Once the race starts, I usually have little to do if all is running smoothly. I do try to check in with volunteers and fill in places, but hopefully it is calm.
We started the next race at 8:30am in the same fashion.
I casually watched the swim start for awhile. We started to see some sprint course racers starting their run which goes right by the swim start. I got so excited to see them fly by the start of the swim course and I started to get excited to see who would be finishing first. Then it dawned on me that I hadn’t gotten the medals out. Ooops. I ran back up to the start, and fortunately I beat the first finisher.
The sprint race seemed to go over very well. A few people didn’t finish this year – bike malfunction and a pulled muscle on the run.
For the Olympic course, our new course, we didn’t sufficiently mark it, nor have a volunteer stationed at the first turn on the bike for at least the first athlete out of the water. She turned the wrong way and went off course for quite awhile. A big failure that could have been easily remedied. I am reminding myself that if we are not failing we are not trying and I can only learn from it. (Trust me…I’m fighting the battle to dwell on it, which does no good. Learn. Move on.) Other than that mishap, the Olympic course did seem to go off quite well. 20 participants joined us this first year, and I anticipate that it will grow in the future.
The cut-off time for the Olympic was 2pm, but all athletes were done by around noon. They really were all fairly close together, and rather quick. I would guess that it would have taken me over an hour longer than the our final finisher!
By that time, all of the sprint racers had moved their bikes out of transition and things were wrapping up. I had already started to begin packing up, cleaning etc; but after the last racer it was time to get serious about cleaning up. We loaded up the truck again. We had no formal volunteers for this step, but an awesome group of just enough people to make the work easy, pitched in to help.
Meanwhile, Quinn, who enters the time from our timers into a spreadsheet, had the times ready. I got them posted online, sent to the newspaper, and emailed participants to alert them that they were ready. Timing is incredibly time consuming for this race! We had about 15 volunteers help time, with handheld timers and clip boards. It’s really quite spectacular. I have looked into getting/borrowing a fancy timing system but so far nothing has panned out.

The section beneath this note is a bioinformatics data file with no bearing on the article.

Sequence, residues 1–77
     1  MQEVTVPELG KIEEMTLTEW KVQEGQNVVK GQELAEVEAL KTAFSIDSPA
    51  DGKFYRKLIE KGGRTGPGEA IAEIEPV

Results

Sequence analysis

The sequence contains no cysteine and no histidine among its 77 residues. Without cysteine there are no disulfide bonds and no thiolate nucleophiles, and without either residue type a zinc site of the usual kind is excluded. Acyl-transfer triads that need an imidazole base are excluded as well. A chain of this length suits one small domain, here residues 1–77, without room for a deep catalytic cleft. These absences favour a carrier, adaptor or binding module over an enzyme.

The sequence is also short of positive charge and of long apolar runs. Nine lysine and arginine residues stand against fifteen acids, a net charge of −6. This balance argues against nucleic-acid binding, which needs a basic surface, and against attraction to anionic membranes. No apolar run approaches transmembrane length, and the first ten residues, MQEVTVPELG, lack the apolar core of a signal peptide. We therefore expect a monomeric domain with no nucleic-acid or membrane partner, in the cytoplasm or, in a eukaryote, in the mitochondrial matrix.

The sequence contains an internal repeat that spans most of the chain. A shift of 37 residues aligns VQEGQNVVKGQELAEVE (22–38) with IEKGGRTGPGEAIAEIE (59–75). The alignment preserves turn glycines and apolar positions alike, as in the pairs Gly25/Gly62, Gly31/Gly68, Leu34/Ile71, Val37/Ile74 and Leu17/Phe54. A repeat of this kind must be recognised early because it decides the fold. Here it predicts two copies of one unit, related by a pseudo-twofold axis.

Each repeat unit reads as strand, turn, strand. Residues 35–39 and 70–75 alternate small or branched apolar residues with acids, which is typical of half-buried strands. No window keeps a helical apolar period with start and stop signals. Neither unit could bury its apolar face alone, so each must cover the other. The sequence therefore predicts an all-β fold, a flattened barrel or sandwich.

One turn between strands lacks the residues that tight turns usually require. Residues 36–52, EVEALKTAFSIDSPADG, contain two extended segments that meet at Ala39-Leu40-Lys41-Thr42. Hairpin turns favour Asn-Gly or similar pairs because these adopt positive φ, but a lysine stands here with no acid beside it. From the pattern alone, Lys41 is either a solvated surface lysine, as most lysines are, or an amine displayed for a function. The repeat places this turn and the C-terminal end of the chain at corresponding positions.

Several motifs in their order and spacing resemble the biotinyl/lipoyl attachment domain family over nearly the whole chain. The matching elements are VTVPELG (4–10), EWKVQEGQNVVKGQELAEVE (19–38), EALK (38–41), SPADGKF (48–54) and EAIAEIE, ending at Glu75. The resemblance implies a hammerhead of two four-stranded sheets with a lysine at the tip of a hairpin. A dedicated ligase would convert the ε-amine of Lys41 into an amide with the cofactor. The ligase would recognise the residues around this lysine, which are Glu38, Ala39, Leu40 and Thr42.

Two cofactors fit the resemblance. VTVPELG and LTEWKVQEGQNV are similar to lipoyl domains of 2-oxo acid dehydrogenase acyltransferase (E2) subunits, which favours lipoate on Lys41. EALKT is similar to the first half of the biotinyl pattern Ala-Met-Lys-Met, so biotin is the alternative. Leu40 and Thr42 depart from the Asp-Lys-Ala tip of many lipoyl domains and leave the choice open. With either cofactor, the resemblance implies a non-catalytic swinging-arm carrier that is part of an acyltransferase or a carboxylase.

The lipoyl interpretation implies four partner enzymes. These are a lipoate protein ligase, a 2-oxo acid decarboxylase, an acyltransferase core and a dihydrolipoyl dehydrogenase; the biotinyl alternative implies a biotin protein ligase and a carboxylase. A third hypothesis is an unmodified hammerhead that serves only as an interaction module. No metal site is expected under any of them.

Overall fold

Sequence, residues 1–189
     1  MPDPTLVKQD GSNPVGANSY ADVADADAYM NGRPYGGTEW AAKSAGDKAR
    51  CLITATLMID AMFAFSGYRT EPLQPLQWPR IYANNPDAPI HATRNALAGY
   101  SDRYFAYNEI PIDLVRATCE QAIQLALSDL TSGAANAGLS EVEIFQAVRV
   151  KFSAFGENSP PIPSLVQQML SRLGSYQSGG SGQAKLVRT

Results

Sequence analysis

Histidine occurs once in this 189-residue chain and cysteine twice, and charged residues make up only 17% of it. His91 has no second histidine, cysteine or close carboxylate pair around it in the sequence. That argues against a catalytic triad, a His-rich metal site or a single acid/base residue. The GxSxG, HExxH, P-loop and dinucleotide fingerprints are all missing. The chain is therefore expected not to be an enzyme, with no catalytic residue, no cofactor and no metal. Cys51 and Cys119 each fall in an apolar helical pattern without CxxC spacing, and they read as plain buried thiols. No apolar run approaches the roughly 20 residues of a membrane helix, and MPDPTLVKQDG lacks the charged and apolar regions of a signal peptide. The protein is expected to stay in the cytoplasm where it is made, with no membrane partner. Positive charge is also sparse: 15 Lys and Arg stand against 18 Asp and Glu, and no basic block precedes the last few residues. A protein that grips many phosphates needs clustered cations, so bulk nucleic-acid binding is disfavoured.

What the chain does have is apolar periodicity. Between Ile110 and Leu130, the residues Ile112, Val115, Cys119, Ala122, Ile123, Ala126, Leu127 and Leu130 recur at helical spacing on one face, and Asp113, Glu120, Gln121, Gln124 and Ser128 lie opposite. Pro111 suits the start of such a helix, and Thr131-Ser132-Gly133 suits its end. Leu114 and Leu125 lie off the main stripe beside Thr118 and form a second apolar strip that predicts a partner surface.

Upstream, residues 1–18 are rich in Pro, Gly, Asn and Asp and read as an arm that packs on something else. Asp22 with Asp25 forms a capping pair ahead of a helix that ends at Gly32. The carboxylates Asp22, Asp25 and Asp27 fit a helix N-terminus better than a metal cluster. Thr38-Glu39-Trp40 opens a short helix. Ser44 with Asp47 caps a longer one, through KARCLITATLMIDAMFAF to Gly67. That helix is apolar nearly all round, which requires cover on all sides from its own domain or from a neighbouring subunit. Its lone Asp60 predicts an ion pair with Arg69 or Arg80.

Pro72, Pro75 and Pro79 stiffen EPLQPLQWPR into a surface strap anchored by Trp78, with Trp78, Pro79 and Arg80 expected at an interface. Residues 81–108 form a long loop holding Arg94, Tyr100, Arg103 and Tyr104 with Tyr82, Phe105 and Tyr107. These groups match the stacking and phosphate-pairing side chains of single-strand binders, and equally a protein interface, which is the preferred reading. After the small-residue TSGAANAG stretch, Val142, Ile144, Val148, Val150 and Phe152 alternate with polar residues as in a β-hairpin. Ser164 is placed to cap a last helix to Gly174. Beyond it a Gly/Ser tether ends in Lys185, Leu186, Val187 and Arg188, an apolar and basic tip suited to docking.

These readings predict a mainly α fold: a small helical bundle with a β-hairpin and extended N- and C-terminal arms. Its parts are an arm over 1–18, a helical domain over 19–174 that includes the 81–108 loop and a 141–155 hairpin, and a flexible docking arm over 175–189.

Once we were loaded, the super volunteer, Quinn, and I, returned the equipment to the two places it belongs. It was a relief to then return the truck at about 3pm, and know that a shower was not far ahead.
The weather for the race this year was amazing – totally clear and in the 70’s. We have been fortunate…though I know that we are just biding time until it is pouring on race day.
Finally at home I enjoyed a needed shower before we had to prep for the evening banquet. It was at 5pm, but other board members did the set up and we could arrive a little late with prizes in tow. This is the second year that we had an awards dinner and banquet. It’s a potluck dinner, and has been a really fun community event. Volunteers, friends, and family, are all welcome. After a feast, we hand out awards to the top 3 male and female competitors, and top 3 in each age group. Then we raffle off all other donations – which usually includes some nice items!
When the work was over, we were ready to crash! We loaded up the items we had left and ventured home. The long, long, day behind us! One more year down!
It’s a great thing to be a part of, and I’m so glad to do it. Yet, it’s also a great feeling when it’s over. There are finishing touches after the race to be sure, but it’s far less stressful and time-sensitive. Until another year, when we will ramp up again and figure out what changes we want to implement to improve upon this great community event.